85 Report of Royal Commission on 'Confiscated Native Lands and Other Grievances', AJHR, 1928, G7 ['Sim Commission']; Marr, 'Crown Policy', pp iv, 3, 7-8, 27-8, 43, 82-3; King, 'Between Two Worlds', p 291; Hill, Settlements, passim and pp 3, 6 and Enthroning 'Justice Above Might'? The Sim Commission, Tainui and the Crown, Wellington, 1989; Hunn, p 62; Cody, pp 154, 157 (for 'Maoris were vindicated' quote); Bassett, Heather, Steel, Rachel and Williams, David, The Maori Land Legislation Manual, vol 2, Wellington, 1994; Walker, He Tipua, p 228; Burdon, p 279; Keenan, Danny, 'Ma Pango Ma Whero Ka Oti: Unities and Fragments in Maori History', in Dalley, Bronwyn and Labrum, Bronwyn (eds), Fragments: New Zealand Social and Cultural History, Auckland, 2000, p 46; McCan, pp 181-3, 189; Sorrenson (ed), Na To Hoa Aroha, vol 1, pp 202-3 and vol 2, p 52; Marr, Cathy, 'An Overview History of the Taranaki Confiscation Claim: From the Sim Commission to the Submission of Taranaki Claims to the Waitangi Tribunal', a report for the Waitangi Tribunal, Wellington, 1991, ch 3.

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86 Cox, pp 116, 127; Elsmore, Bronwyn, Mana from Heaven: A Century of Maori Prophets in New Zealand, Tauranga, 1989, pp 270-1; Henderson, J McLeod, Ratana: The Man, the Church, the Political Movement, Wellington, 1972 (2nd ed), pp 26, 57 (for 'shoemaker' quote); King, Maori, p 166; Belich, 'Myth, Race and Identity', p 15; Ballara, Angela, 'Ratana, Tahupotiki Wiremu', in DNZB, vol 3, pp 414-18; Raureti, Moana, 'The Origins of the Ratana Movement', in King, Michael (ed), Tihe Mauri Ora: Aspects of Maoritanga, Auckland, 1978, p 46; King, 'Between Two Worlds', p 292 (for 'unite' quote).

87 Henderson, passim, esp pp 26, 29, 33, 57ff (includes 'Pakeha friends' quote); King, 'Between Two Worlds', p 292; Love, pp 63, 113-14, 170, 214, 220, 223; Hill, Richard S, 'Worthington, Arthur Bently', in DNZB, vol 2, pp 588-9; Raureti, p 51.

88 Cox, pp 127, 157; Henderson, pp 10, 40, 55, 57 (includes Baucke and 'hands' quotes); Jones, 'Maori Kings', p 155; Love, pp 170, 179, 220, 230-44, 258; Butterworth, 'Apirana Ngata: Politics of Adaptation', ch 12, p 24; Raureti, p 46; Butterworth, G V, 'A Rural Maori Renaissance? Maori Society and Politics 1920 to 1951', Journal of the Polynesian Society (JPS), 81(2), June 1972, p 166.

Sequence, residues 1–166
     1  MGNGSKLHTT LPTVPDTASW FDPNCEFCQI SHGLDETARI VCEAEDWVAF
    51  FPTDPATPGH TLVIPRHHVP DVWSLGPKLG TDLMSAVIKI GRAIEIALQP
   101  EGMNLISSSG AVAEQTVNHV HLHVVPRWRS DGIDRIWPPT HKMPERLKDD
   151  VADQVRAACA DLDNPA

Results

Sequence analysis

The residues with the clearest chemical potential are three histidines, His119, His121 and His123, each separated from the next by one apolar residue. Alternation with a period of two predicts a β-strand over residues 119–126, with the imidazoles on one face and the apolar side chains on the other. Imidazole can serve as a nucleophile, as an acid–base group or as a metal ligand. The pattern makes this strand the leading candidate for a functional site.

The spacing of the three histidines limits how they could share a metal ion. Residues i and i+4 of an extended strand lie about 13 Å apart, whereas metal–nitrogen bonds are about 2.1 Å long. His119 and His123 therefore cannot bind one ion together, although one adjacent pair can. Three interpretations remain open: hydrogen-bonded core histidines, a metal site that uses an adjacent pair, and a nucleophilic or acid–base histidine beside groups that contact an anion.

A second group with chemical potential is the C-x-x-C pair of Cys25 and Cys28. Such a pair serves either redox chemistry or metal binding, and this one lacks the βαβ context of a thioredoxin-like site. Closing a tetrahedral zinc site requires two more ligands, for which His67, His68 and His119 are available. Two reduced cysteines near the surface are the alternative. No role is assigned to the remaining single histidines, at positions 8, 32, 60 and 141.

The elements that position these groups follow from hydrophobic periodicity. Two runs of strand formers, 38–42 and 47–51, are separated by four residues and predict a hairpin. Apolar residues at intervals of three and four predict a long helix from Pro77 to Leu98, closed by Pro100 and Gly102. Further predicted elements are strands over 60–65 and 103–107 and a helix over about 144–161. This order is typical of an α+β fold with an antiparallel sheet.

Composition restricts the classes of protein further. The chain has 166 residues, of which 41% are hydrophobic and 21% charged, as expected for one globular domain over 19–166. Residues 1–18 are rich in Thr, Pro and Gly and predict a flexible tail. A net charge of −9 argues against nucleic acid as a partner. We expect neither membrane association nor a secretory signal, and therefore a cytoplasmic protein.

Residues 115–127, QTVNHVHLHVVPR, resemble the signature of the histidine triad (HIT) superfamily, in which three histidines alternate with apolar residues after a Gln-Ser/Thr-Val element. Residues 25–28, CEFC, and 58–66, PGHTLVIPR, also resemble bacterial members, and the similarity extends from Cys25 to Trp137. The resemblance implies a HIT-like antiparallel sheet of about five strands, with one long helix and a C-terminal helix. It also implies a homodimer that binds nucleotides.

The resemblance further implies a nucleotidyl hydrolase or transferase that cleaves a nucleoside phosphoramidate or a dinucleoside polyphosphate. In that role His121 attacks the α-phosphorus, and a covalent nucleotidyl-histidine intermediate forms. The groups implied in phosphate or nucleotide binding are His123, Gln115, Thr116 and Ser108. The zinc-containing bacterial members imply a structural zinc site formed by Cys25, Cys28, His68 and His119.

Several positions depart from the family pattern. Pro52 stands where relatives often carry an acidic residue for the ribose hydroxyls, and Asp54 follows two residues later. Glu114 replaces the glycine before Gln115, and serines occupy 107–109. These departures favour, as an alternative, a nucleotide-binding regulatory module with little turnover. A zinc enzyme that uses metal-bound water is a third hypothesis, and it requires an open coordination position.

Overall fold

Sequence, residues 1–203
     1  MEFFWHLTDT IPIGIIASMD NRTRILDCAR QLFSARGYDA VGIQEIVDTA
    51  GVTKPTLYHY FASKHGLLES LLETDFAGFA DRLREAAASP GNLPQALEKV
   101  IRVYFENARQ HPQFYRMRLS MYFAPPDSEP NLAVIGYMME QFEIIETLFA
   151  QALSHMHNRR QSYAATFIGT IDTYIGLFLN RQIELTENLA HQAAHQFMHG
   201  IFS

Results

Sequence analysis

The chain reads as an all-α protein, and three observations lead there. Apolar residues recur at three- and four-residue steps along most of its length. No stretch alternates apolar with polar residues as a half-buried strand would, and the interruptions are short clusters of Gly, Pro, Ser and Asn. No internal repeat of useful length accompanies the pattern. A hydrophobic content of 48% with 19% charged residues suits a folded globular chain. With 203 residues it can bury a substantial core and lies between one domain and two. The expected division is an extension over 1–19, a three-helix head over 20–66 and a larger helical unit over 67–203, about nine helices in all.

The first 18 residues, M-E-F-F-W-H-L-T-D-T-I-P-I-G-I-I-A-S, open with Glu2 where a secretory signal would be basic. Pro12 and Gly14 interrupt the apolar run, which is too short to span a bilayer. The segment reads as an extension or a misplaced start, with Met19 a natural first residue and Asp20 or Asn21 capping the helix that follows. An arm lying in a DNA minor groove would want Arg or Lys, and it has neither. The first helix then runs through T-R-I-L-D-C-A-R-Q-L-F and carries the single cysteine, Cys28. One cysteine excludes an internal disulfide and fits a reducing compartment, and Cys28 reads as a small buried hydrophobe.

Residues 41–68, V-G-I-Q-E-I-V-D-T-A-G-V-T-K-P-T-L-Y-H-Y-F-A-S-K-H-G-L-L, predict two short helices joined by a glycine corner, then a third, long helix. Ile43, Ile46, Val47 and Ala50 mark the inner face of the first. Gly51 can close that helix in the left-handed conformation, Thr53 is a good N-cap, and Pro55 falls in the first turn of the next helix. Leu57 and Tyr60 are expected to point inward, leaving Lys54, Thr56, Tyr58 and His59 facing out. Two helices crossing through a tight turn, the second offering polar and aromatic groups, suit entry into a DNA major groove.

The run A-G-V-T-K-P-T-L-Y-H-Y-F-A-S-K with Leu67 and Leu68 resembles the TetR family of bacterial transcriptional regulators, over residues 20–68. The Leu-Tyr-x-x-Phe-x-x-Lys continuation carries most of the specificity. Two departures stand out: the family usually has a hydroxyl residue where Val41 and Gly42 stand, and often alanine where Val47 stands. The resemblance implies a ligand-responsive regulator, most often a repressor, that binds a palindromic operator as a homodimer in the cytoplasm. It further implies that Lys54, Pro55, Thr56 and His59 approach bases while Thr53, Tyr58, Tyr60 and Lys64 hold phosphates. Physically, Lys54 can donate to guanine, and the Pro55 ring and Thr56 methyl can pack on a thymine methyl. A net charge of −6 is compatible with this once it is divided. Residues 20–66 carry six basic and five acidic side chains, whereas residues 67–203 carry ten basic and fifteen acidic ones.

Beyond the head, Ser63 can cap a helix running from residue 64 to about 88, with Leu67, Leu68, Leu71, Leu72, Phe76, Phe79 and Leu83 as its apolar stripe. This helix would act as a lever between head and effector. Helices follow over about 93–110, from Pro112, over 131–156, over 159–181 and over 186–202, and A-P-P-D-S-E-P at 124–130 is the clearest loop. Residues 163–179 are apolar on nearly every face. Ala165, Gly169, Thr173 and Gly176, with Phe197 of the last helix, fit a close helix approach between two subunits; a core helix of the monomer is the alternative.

89 King, Nga Iwi, pp 59, 67; Love, pp i—ii (includes 'system of government' quote), 10-11, 64-5 (includes 'grass roots' quote), 244, 252-4 (for 'Secondly' quote); Butterworth, 'Health of the Body'; Ballara, 'Ratana, Tahupotiki Wiremu'.

90 Ngata, 'Maori Land Settlement', p 138 (for 'adjustment' quote); Belich, 'Myth, Race and Identity', p 22; Sissons, 'Post-Assimilationist Thought', esp p 50; Pere, Rangimarie Rose, 'Te Wheke: Whaia te Maramatanga me te Aroha', in Middleton, Sue (ed), Women and Education in Aotearoa, Wellington, 1998, p 205 (for 'divide and rule' quote); Webster, Steven, Patrons of Maori Culture: Power, Theory and Ideology in the Maori Renaissance, Dunedin, 1998, ch 3 (esp pp 74, 83, 90, 95) and p 254; Butterworth, 'Maori Renaissance', pp 166, 176; Walker, He Tipua, p 237; Belich, Paradise Reforged, p 201 (for 'Maoritanga' quote).

91 Farland, Bruce, Coates' Tale: War Hero, Politician, Statesman, Joseph Gordon Coates, Prime Minister of New Zealand, 1925-1928, Wellington, 1995, pp 34-5; Butterworth, 'Health of the Body', pp 11-12; King, Te Puea, pp 130-1; Bassett, Coates; Walker, Ka Whawhai, pp 189, 194 and He Tipua, pp 204ff, 216; Keesing, pp 180 (for 'spirit', 'hope' and 'aims' quotes), 189 (for 'superimposition' and 'basis' quotes); Love, p 61 (for 'corporate' quotes); Belich, Paradise Reforged, p 466 (for 'brilliant strategy' quote).

92 Dow, p 117, 132, 148-51, 158ff; Else (ed), pp 8, 31-3; Ritchie, James E, The Making of a Maori: A Case Study of a Changing Community, Wellington, 1963, p 25 (for 'proto-national' quote); Orange, 'Equality', p 148; Hunn, pp 84-5; Fleras, 'A Descriptive Analysis of Maori Wardens in the Historical and Contemporary Context of New Zealand Society', PhD thesis, Victoria University of Wellington, 1980, pp 190, 268-9, and Village Runanga, p 16; Lange, May the People Live, p 258; Bryder, Linda, A Voice for Mothers: The Plunket Society and Infant Welfare 1907-2000, Auckland, 2003, pp xv, 35; Butterworth, 'Maori Renaissance', p 169; Hill, Iron Hand, pp 128-9; Maclean, F S, Challenge for Health: A History of Public Health in New Zealand, Wellington, 1964, pp 202-3; Durie, Whaiora, p 44 (for 'likelihood' quote).

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93 Walker, He Tipua, pp 236-7; King, Te Puea, pp 132, 140, 152-4; King, 'Between Two Worlds', pp 291-2; Keesing, pp vii, xv, 179-80, 189, 193, 196 (for 'steady' quote); Marr, 'Crown Policy', pp 24 (includes 'resentment' quote), 28, 32-61 (includes 'back seat' quote, p 35); Love, pp 61-3; Orange, 'Fraser', pp 91-2; Report of Royal Commission on 'Confiscated Native Lands and Other Grievances', AJHR, 1928, G7.